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The end – and beginning – of car launches

The car launch industry is still figuring out how to drive into the high-tech future, writes ARTHUR GOLDSTUCK



A picture of the Geneva Motor Show. Picture by ITU/ D. Woldu.

There was a time, not too many months ago, when vehicle manufacturers could still wow the world with new reveals at motor shows and thrilling experiences at launch events.

Then, in late February, the wheels came off for the entire automotive events industry as the Swiss government banned large events to curb the spread of the coronavirus. Organisers of the Geneva Motor Show, expected to draw 600,000 people from 5 to 15 March, announced they were pulling the plug on the car extravaganza.

While the likes of BMW and Mercedes-Benz went ahead with live-steamed versions of their events, it was all rather makeshift. Some makers said they would explore digital options, or merely issued press releases detailing their latest models. It took the industry almost three months to get back into cruise mode.

The result has been a fascinating mirror of the world of work. Every major marque has sought a different spin, much as remote working has generated numerous alternative approaches to online collaboration, videoconferencing and virtual events.

In the same way, the intense schedule of global technology events set to run from March to May was all shoehorned into a few weeks in June. Some used Zoom, others Microsoft Teams, while most outsourced their events to third party platforms. That didn’t always go so well, with various events crashing. That wouldn’t be a good look for car launches.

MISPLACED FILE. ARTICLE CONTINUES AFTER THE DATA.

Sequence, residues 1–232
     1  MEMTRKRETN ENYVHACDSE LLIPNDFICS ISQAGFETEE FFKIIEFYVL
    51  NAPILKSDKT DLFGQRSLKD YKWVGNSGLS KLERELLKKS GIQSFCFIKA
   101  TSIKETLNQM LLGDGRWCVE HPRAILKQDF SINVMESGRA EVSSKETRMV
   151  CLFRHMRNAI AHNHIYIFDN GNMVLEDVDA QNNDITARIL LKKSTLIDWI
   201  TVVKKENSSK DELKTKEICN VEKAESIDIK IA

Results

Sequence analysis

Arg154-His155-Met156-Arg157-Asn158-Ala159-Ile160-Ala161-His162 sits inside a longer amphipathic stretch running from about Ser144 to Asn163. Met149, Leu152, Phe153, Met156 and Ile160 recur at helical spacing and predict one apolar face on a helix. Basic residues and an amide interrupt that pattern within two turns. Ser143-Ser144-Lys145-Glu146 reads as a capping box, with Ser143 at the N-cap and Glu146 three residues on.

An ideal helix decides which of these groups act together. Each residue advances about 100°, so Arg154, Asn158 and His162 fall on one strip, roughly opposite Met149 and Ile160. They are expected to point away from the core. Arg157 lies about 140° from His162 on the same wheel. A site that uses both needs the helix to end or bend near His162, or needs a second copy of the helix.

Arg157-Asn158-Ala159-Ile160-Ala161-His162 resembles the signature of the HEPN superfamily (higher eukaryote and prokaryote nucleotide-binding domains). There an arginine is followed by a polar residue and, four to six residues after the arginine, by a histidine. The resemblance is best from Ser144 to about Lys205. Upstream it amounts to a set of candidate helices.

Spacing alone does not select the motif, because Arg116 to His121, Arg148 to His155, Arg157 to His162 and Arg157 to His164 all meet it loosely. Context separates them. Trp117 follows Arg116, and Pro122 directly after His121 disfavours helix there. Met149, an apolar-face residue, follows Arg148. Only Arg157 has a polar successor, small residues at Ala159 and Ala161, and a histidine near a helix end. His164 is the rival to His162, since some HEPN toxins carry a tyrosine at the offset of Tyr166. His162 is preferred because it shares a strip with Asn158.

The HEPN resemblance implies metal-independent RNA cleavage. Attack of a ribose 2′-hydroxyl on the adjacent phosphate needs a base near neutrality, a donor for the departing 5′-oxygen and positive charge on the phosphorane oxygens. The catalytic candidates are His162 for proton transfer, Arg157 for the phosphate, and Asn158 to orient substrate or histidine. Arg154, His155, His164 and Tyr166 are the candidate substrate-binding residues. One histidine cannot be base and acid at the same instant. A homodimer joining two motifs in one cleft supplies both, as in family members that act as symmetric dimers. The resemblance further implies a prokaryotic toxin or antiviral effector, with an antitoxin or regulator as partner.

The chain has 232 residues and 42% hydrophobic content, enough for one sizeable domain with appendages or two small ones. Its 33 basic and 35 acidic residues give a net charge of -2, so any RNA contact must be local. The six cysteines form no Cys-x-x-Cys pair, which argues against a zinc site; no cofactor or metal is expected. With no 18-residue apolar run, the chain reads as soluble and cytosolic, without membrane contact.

Nonetheless, the 10 days in the middle of June was also peak launch time for the South African motoring industry. And, as with the global picture, it encapsulated the quest for the ideal virtual launch platform. In some cases, the medium also expressed the message.

So, on Tuesday 9 June, Audi South Africa turned to Skype For Business to host its first online Media Meeting, where it also introduced its recently launched new Audi A6 Sedan range.

The following day, Ford Motor Company of Southern Africa took to Facebook to enter the utility vehicle sector with its first Figo Freestyle, a compact utility vehicle (CUV) based on the Figo hatchback.

Just a week later, Volkswagen South Africa led the media on a merry dance to find its live stream for the launch of the new VW T-Roc. It turned out to be everywhere, from Facebook to Twitter to Instagram to VW SA’s own web site.

The big question that immediately emerges is: do virtual platforms lend themselves to the launch of a product as physical as a vehicle? And does the virtual execution match up to the high-tech advances in the latest vehicles?

Read more on the next page about where virtual reality meets car shows.

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